Walter El Nagar: Bringing Trendy LA Pop-Ups to Southern Europe

The playful Italian born chef, Walter El Nagar, behind the über trendy Barbershop pop-ups in Los Angeles is packing his chef knives and going on a European mini-tour.

Walter El Nagar

© Photo by Héctor Cruz Sandoval

He’s been cooking and brewing in different parts of the world. From the frosty weather in Norway, to the sunny parts of Italy, all the way to the rich cultures of Mexico, until finally settling in Los Angeles 7 years ago. Now the talented chef is taking his culinary adventure on a mini tour to the southern part of Europe.

The move however is not because the market in Los Angeles is depleted for his popular pop-up events. Walter el Negar and his staff just finished the 10th and final edition in LA, cleverly dubbed the “Farewell to LA”, to a sold-out culinary adventure in the end of March and mid-April in Venice Beach.

– We did the last event in a garage of a friend of mine. After a few nights we had an inspection that forbid us from doing it again, because we didn’t have the right permissions sorted out. We ended up moving the event to a rooftop in downtown LA amidst a bunch of skyscrapers, so it turned out well anyway.

Barbershop Food

© Photo by Guido Zwecker

Finding the perfect location

When the first Barbershop concept started four years ago, it was held in collaboration with award winning LA based award winning chef, Suzanne Going. It was a five-week event in one of her restaurants. Back then it was the lack of pop-up experience that turned out to be the biggest obstacle to overcome. Now Walter cites constantly scouting for locations as the biggest hurdle when it comes to preparing a pop-up event.
– Three years ago it was easy to rent restaurants that had a fully equipped industrial kitchen with everything you could possibly need to create a menu for the guests. Now it’s become more difficult and you’ve gone from renting restaurants to renting spaces, which make it more difficult as you don’t have an industrial kitchen to work with. This limits what you can physically do and makes you think more creatively. Think more out of the box.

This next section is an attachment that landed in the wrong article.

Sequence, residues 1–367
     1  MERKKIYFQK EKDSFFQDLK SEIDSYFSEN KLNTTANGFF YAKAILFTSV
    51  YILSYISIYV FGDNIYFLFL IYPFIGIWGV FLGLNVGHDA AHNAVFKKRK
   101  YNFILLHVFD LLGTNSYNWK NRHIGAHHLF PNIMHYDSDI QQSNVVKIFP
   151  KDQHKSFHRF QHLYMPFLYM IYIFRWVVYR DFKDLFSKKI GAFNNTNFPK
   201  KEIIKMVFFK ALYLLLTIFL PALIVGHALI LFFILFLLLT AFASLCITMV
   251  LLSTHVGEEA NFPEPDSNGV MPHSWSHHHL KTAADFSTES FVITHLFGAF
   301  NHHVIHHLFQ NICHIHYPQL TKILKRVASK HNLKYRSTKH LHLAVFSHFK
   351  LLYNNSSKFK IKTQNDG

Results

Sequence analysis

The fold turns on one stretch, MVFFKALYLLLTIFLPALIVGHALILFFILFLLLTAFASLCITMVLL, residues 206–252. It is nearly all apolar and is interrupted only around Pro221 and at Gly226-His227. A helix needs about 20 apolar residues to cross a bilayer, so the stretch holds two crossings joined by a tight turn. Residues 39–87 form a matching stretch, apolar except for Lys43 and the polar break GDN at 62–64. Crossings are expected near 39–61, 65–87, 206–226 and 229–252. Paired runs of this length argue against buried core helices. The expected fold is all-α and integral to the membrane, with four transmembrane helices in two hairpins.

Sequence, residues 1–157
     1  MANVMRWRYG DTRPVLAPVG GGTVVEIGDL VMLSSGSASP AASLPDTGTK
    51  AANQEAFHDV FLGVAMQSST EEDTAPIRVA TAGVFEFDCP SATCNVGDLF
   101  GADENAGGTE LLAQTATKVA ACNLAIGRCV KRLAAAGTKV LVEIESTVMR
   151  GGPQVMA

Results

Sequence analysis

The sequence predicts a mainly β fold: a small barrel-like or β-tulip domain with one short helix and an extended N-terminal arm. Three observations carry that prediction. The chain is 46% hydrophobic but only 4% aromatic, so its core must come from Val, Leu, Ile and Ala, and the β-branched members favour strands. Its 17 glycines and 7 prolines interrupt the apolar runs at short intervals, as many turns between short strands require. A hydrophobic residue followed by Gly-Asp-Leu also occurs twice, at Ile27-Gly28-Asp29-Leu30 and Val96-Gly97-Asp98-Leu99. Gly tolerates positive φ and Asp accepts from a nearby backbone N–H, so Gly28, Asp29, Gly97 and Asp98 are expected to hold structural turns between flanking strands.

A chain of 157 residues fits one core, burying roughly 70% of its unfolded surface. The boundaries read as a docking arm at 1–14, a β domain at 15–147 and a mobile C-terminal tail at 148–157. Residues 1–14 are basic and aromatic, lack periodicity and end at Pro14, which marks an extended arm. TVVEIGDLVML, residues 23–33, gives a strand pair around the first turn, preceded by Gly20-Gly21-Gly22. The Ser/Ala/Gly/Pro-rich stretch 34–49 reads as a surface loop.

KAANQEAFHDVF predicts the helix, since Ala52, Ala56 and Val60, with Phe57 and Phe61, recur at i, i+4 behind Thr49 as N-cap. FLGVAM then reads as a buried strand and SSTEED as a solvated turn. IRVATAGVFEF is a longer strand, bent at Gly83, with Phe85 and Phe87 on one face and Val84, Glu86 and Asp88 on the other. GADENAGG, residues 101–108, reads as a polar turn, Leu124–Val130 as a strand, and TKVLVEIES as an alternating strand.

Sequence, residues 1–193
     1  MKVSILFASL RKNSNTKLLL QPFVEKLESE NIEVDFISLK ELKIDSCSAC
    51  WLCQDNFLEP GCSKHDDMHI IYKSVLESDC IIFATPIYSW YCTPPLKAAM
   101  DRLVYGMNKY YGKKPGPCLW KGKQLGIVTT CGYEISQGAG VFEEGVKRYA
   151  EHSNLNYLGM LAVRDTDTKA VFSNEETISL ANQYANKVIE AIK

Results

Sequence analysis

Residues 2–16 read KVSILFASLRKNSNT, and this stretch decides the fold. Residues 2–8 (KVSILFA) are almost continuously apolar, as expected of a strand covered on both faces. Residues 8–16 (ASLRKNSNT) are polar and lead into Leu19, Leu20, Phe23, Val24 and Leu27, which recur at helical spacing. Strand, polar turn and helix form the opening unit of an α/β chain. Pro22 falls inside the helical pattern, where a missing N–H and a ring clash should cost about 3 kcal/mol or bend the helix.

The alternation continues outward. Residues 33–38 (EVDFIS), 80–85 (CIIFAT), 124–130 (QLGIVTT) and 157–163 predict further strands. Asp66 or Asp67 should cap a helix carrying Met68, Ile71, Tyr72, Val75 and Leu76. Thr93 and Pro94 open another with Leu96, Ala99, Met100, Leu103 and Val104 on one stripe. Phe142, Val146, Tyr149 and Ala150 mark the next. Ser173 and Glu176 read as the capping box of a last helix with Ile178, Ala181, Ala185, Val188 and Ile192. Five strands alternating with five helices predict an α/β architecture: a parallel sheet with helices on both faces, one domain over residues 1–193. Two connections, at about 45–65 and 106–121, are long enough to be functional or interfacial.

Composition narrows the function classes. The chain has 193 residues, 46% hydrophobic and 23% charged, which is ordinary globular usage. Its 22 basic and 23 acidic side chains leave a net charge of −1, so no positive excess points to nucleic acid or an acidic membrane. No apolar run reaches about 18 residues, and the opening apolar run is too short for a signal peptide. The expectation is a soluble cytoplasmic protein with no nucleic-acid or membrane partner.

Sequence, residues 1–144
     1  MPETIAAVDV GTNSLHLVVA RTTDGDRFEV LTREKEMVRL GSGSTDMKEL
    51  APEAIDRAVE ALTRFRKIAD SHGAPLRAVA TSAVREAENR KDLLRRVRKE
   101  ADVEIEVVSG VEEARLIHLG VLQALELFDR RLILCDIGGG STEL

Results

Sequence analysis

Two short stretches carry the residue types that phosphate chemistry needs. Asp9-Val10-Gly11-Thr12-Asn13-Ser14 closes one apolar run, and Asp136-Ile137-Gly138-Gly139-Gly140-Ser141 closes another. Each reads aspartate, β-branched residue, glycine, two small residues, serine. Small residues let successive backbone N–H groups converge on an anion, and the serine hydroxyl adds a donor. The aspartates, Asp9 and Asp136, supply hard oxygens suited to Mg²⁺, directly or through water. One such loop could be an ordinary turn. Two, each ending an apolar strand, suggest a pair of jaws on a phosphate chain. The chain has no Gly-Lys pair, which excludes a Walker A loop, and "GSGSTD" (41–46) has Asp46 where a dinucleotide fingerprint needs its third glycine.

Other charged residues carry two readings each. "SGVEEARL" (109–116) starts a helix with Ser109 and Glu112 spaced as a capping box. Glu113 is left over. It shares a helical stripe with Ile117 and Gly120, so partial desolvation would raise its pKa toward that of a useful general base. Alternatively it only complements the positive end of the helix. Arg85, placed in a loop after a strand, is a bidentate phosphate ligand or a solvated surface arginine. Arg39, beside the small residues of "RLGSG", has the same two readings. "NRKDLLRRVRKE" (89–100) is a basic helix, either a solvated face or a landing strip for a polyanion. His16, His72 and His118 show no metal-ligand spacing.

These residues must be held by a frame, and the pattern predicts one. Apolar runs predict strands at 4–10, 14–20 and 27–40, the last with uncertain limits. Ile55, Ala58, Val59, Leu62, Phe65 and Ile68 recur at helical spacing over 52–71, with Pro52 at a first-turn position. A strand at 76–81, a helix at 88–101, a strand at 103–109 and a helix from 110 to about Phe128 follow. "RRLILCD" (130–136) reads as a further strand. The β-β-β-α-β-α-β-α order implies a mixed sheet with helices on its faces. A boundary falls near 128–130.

IMG_1980

© Photo by Guido Zwecker

With 10 installments in his culinary basket, Walter has had his share of interesting venues. From an artist studio in the middle of nowhere with only the basic kitchen amenities, to a knife shop with absolutely no room for food preparation, it makes you think just what goes through Walter’s mind when he prepares a menu.

– Of course I get frustrated, as I am a passionate about cooking and preparing a meal. This limitation in the kitchen is why we only do seatings between 15-25 people at the same time, and also why we offer a tasting menu, where the menu is set. Then it’s all about the ingredients and how you can take the best advantage of using as much of it as you can. For the event at the knife shop we prepared the food off site and I brought my small Japanese charcoal grill, which we stationed outside. That combined with creative use of induction burners, torches and siphons was basically how we got through it. It was pretty tough.